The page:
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ORIGINAL ARTICLE
Year : 2022  |  Volume : 11  |  Issue : 4  |  Page : 423-428

Novel and rare species of nontuberculous mycobacteria by Hsp-65 gene sequencing


1 Department of Microbiology, Nizams Institute of Medical Sciences, Panjagutta, Hyderabad, India
2 Department of Pulmonary Medicine, Nizams Institute of Medical Sciences, Panjagutta, Hyderabad, India

Correspondence Address:
Neelima Angaali
Raja Residency, Flat - 201, Street No. 7, Himayat Nagar - 500 029, Hyderabad
India
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Source of Support: None, Conflict of Interest: None


DOI: 10.4103/ijmy.ijmy_175_22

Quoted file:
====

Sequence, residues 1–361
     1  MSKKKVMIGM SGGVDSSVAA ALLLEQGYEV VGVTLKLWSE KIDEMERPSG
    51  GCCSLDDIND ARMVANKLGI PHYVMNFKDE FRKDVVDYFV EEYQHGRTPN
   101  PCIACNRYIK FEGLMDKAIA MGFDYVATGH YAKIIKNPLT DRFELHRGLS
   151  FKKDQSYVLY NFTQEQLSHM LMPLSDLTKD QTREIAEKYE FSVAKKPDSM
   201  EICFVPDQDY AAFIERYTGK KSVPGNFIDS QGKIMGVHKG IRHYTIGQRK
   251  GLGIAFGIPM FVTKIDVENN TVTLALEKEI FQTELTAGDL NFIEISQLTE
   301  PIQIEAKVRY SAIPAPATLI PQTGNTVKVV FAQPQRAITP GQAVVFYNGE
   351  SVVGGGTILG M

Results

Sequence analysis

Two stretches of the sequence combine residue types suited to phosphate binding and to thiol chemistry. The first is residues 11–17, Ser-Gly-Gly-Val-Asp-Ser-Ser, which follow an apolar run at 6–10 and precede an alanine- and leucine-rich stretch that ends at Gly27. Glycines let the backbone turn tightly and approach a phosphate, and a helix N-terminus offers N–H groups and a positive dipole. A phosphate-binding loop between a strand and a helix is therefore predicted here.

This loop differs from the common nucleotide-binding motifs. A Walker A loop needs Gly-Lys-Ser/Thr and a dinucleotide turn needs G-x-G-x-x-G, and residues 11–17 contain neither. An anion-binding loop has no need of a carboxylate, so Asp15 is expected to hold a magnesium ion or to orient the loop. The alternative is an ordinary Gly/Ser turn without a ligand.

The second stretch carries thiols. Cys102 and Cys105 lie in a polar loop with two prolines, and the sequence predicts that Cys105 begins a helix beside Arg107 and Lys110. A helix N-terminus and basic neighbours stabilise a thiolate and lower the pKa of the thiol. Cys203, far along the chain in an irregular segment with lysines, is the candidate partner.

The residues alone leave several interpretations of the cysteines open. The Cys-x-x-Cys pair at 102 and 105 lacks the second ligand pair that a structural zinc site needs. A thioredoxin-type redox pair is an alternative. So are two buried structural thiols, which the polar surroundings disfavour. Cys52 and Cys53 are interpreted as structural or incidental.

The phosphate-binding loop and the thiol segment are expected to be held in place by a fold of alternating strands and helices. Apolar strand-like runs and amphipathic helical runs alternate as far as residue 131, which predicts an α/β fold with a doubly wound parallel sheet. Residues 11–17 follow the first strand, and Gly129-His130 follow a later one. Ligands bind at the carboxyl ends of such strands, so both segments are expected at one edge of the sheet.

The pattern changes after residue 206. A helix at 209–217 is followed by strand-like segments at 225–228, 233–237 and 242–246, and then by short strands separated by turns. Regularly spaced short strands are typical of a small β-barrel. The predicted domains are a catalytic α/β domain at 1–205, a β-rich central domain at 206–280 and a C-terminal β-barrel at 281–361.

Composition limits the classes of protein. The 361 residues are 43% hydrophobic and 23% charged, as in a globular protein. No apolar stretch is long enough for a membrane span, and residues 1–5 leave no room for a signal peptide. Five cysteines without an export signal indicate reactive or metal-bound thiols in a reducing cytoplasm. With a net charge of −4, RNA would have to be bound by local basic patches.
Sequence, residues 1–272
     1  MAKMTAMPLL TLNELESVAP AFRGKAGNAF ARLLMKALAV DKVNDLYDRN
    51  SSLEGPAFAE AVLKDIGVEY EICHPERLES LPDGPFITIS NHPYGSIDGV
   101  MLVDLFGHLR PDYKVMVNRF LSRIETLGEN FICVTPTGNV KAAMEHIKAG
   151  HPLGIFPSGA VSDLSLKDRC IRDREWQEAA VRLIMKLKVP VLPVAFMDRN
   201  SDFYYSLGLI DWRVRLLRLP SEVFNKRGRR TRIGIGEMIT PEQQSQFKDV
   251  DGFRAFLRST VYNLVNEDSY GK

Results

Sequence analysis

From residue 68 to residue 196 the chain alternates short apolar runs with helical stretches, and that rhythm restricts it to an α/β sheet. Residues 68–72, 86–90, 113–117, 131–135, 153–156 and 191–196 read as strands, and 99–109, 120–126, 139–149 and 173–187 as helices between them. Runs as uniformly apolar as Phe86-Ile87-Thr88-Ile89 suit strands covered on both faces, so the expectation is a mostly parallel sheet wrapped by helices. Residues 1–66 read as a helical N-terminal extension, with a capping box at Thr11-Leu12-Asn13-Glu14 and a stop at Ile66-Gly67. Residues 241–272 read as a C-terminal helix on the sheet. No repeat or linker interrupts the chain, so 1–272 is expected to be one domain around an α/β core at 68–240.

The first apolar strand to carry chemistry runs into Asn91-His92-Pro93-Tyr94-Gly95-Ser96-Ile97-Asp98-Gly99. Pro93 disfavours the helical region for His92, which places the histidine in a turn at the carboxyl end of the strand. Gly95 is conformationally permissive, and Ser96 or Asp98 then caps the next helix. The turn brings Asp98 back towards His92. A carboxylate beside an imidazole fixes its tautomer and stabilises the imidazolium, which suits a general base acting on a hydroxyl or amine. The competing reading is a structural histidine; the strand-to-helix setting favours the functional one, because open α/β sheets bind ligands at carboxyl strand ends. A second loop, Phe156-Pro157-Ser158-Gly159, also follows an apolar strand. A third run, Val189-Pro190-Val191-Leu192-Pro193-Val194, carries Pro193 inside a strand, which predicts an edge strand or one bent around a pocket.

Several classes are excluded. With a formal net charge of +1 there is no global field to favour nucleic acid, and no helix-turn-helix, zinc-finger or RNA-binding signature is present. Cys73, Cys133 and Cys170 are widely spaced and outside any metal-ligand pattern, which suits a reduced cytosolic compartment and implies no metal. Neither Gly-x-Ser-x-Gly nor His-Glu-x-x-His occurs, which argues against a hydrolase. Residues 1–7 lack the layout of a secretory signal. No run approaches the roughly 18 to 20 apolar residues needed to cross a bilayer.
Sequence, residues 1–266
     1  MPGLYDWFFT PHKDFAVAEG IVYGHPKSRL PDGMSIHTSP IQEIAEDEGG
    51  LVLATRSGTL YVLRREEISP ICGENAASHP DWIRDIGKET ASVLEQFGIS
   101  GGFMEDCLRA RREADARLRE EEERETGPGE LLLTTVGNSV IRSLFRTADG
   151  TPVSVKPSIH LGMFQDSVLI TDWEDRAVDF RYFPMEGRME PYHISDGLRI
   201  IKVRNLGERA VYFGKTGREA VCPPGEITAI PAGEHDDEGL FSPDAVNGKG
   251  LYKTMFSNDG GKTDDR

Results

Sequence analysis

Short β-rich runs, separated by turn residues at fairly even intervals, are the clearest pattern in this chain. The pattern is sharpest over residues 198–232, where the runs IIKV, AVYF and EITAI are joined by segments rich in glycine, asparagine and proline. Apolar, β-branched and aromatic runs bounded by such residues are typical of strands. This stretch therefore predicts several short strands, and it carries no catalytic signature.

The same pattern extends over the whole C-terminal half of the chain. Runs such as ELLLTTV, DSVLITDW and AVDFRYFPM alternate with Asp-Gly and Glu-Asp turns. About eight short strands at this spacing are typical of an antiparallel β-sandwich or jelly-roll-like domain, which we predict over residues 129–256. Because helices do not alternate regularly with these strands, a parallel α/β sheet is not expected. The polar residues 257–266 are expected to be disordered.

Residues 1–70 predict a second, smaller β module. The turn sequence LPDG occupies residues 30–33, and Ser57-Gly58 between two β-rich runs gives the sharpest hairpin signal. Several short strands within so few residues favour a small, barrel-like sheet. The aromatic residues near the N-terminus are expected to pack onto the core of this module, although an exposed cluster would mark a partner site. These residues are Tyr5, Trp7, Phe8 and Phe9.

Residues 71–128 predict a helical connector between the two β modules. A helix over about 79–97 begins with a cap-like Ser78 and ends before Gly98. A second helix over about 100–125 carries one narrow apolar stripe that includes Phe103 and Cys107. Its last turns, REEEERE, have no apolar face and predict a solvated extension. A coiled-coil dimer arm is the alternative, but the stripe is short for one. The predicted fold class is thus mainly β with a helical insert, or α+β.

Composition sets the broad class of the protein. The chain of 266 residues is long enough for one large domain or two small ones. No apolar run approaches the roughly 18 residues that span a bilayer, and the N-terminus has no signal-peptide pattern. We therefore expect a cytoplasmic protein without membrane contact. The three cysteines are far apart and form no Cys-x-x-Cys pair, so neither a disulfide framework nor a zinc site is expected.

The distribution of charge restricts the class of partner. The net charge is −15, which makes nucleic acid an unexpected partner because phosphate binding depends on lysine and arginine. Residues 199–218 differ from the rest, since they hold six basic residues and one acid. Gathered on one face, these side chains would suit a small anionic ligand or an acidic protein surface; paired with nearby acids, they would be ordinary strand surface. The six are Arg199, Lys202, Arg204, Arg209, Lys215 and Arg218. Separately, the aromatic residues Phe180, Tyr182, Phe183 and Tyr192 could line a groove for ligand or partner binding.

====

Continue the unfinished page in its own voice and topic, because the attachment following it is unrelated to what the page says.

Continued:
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Background: Nontuberculosis mycobacterium (NTM) is the emerging group of organisms being recognized as etiological agents for diverse clinical conditions such as lymphadenitis, cutaneous, and pulmonary or disseminated lesions. Diverse background patients can acquire these infections such as immunocompetent, immunocompromised patients, or postoperative settings. Rapid addition of newer strains to this group necessitates heightened suspicion in the clinical settings. Specific requirements for cultures, biochemical testing, and molecular methods are needed to diagnose these organisms. Methods: The prospective study conducted at Nizam's Institute of Medical Sciences from January 2019 to December 2021 using various clinical samples using molecular techniques such as line probe assay and hsp-65 gene sequencing to discover new NTM species. The management is challenging since it requires prolonged treatment, multiple drugs, drug resistance, and individualization of treatment in the combination of surgery if needed. In this article, we describe three different NTM species which were not reported in India and highlight to consider these organisms in adequate clinical situation. Results: Mycobacterium iranicum is a rare strain with quick growth and scotochromogenic colonies that are orange-colored. Eight distinct strains were discovered in clinical samples from six different countries: Two each from Iran, Italy, Greece, the Netherlands, Sweden, and the United States. Two of the strains were recovered from cerebrospinal fluid, which is unusual. Mycobacterium species AW6 is an unidentified and unclassified Mycobacterium according to NCBI taxonomy. Mycobacteria malmoense has been linked to lymphadenitis, notably cervical adenitis in children, and pulmonary infection in the majority of cases. Using Line Probe Assay and hsp-65 gene sequencing, novel and uncommon species of NTM were detected from a clinical samples, including sputum and tissue. Conclusion: We report three unusual species of NTMs: M. iranicum, M. species-AW6, and M. malmoense for the first time in India. Novel and rare emerging species of NTMs need to be considered in diverse clinical situations for appropriate therapy and good clinical outcomes.


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